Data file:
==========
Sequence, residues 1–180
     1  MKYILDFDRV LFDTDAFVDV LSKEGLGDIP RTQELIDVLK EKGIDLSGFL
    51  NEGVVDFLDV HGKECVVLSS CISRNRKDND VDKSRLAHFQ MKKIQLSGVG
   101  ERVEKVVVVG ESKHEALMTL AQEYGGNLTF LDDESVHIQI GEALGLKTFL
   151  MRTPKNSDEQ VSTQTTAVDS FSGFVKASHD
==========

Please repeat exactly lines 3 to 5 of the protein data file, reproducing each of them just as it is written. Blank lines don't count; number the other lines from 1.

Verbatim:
    51  NEGVVDFLDV HGKECVVLSS CISRNRKDND VDKSRLAHFQ MKKIQLSGVG
   101  ERVEKVVVVG ESKHEALMTL AQEYGGNLTF LDDESVHIQI GEALGLKTFL
   151  MRTPKNSDEQ VSTQTTAVDS FSGFVKASHD